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Why PR Can be Effective "Medicine"
by: Robert A. Kelly
Please feel free to publish this article and resource box
in your ezine, newsletter, offline publication or website.
A copy would be appreciated at bobkelly@TNI.net.
Word count is 1145 including guidelines and resource box.
Robert A. Kelly © 2005.

Why PR Can be Effective “Medicine”

When properly applied by business, non-profit and
association managers, public relations “medicine”
does something positive about the behaviors of those
important external audiences of theirs that MOST
affect their operations.

It’s easy-to-swallow “medicine” when it leads managers
to persuade those key outside folks to their way of
thinking, then move them to take actions that allow the
manager’s department, division or subsidiary to succeed.

In other words, effective public relations “medicine” is
applied when PR alters individual perception leading to
changed behaviors among a manager’s target “publics,”
thus helping achieve his or her managerial objectives.

Here’s the underlying essence: people act on their own
perception of the facts before them, which leads to
predictable behaviors about which something can be
done. When we create, change or reinforce that opinion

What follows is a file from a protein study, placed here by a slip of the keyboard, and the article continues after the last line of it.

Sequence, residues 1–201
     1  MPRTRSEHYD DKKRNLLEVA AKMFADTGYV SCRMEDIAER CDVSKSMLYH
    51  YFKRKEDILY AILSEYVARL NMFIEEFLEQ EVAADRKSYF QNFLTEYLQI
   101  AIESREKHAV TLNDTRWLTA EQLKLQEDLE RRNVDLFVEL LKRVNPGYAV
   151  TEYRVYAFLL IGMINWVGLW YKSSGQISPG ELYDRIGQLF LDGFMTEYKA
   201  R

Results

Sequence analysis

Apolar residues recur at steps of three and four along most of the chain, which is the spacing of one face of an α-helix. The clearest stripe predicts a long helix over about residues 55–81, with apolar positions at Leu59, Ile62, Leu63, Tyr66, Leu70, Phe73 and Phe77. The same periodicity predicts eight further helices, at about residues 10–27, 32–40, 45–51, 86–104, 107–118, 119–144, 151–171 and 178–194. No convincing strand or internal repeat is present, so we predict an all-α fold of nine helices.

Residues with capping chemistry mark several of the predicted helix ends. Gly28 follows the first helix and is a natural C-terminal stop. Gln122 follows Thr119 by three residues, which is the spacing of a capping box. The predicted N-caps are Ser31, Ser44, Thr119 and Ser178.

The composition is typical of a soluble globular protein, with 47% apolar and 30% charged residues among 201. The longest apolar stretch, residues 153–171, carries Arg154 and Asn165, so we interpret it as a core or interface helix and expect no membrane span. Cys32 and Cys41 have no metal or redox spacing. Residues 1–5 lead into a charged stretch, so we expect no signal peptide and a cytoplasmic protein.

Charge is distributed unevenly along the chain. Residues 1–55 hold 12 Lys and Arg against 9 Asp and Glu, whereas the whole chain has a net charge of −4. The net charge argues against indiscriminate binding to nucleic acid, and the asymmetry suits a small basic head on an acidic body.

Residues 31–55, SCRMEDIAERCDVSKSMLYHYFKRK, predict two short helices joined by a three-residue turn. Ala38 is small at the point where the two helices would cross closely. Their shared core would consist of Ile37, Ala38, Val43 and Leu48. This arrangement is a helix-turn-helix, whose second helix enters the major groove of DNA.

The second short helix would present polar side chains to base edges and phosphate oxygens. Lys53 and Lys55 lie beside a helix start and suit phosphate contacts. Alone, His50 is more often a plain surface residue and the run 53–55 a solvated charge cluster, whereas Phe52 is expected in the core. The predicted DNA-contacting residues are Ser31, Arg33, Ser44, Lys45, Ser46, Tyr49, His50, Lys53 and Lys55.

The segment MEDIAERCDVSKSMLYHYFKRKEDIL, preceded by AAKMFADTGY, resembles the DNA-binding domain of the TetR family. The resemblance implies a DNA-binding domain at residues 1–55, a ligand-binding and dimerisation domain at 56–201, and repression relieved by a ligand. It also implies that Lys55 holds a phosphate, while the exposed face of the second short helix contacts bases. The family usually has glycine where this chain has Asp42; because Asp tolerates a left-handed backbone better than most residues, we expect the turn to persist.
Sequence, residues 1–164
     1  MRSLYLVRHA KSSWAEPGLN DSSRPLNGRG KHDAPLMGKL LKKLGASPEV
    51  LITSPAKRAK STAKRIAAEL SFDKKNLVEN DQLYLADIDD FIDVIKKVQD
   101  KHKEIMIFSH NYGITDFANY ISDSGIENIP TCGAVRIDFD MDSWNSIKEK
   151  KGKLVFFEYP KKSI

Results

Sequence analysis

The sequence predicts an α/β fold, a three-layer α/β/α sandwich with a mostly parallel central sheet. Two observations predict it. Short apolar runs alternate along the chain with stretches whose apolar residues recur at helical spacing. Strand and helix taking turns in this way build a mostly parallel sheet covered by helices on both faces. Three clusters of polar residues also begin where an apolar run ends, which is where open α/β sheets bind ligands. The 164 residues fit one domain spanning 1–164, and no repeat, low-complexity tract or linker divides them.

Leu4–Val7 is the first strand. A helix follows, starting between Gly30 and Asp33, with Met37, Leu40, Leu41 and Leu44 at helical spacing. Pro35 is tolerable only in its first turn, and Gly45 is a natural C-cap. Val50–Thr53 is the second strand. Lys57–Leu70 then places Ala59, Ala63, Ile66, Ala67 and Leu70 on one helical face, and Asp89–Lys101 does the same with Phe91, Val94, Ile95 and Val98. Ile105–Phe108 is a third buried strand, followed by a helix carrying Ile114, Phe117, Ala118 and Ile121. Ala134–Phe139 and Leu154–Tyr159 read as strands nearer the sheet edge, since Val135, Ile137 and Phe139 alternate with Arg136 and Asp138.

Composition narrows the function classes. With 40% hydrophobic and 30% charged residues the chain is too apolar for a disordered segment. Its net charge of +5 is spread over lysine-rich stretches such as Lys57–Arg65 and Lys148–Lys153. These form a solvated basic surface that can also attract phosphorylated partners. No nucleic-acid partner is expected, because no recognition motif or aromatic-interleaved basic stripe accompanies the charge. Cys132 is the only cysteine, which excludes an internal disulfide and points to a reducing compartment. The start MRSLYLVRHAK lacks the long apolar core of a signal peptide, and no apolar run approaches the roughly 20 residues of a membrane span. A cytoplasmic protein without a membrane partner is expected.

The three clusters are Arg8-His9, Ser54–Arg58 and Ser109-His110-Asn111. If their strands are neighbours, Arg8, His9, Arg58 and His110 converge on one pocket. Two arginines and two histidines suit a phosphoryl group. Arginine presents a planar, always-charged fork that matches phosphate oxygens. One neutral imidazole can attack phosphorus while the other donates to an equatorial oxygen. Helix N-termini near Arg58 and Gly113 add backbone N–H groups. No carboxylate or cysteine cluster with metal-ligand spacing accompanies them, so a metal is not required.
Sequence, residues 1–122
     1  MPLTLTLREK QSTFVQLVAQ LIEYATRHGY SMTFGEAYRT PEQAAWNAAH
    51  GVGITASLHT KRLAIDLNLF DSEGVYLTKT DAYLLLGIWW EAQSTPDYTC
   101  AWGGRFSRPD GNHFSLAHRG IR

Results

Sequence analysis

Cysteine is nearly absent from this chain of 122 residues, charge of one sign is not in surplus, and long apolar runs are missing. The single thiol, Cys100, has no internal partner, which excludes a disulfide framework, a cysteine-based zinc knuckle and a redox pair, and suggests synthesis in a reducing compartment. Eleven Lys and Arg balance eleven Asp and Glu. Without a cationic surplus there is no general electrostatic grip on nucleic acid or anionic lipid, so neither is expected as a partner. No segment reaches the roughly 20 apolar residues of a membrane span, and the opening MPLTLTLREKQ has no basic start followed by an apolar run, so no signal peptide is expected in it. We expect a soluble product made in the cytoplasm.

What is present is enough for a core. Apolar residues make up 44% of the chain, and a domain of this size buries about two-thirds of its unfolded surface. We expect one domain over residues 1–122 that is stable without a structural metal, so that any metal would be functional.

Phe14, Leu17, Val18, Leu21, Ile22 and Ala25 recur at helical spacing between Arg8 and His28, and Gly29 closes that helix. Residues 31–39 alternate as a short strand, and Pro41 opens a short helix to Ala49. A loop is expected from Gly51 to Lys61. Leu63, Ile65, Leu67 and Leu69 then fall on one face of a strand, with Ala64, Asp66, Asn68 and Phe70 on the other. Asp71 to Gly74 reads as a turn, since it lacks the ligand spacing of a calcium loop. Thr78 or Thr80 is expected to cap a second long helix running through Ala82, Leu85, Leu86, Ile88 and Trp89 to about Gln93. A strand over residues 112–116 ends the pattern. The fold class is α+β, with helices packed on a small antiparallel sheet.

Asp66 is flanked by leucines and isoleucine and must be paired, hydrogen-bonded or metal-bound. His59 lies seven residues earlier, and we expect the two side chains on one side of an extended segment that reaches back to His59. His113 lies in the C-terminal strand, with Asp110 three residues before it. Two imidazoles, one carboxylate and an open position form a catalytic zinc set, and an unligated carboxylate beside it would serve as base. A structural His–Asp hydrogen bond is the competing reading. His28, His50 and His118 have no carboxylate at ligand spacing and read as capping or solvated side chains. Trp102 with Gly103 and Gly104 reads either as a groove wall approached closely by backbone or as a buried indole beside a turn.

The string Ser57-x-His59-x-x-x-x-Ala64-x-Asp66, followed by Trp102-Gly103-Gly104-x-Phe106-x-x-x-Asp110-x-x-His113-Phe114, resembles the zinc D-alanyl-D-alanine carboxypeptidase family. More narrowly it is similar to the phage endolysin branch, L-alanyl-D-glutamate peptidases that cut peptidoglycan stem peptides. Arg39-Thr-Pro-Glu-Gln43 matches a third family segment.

by reaching, persuading and moving-to-desired-action
the very people whose behaviors affect the organization
the most, the public relations mission is accomplished.

But managers should always remember that their PR
effort must demand more than special events, brochures
and press releases if they are to come up with the public
relations results they paid for.

Here’s a sampling of what this “medicine” can deliver:
fresh proposals for strategic alliances and joint ventures;
capital givers or specifying sources beginning to look
your way; customers starting to make repeat purchases;
membership applications on the rise; community leaders
beginning to seek you out; welcome bounces in show
room visits; prospects starting to do business with you;
higher employee retention rates, and even politicians and
legislators starting to view you as a key member of the
business, non-profit or association communities.

Luckily, your PR people are already in the perception and
behavior business, so they should be of real use for this
initial opinion monitoring project. But you must be certain
of several things. First, who among your PR team really
understands the blueprint outlined above and shows
commitment to its implementation, starting with key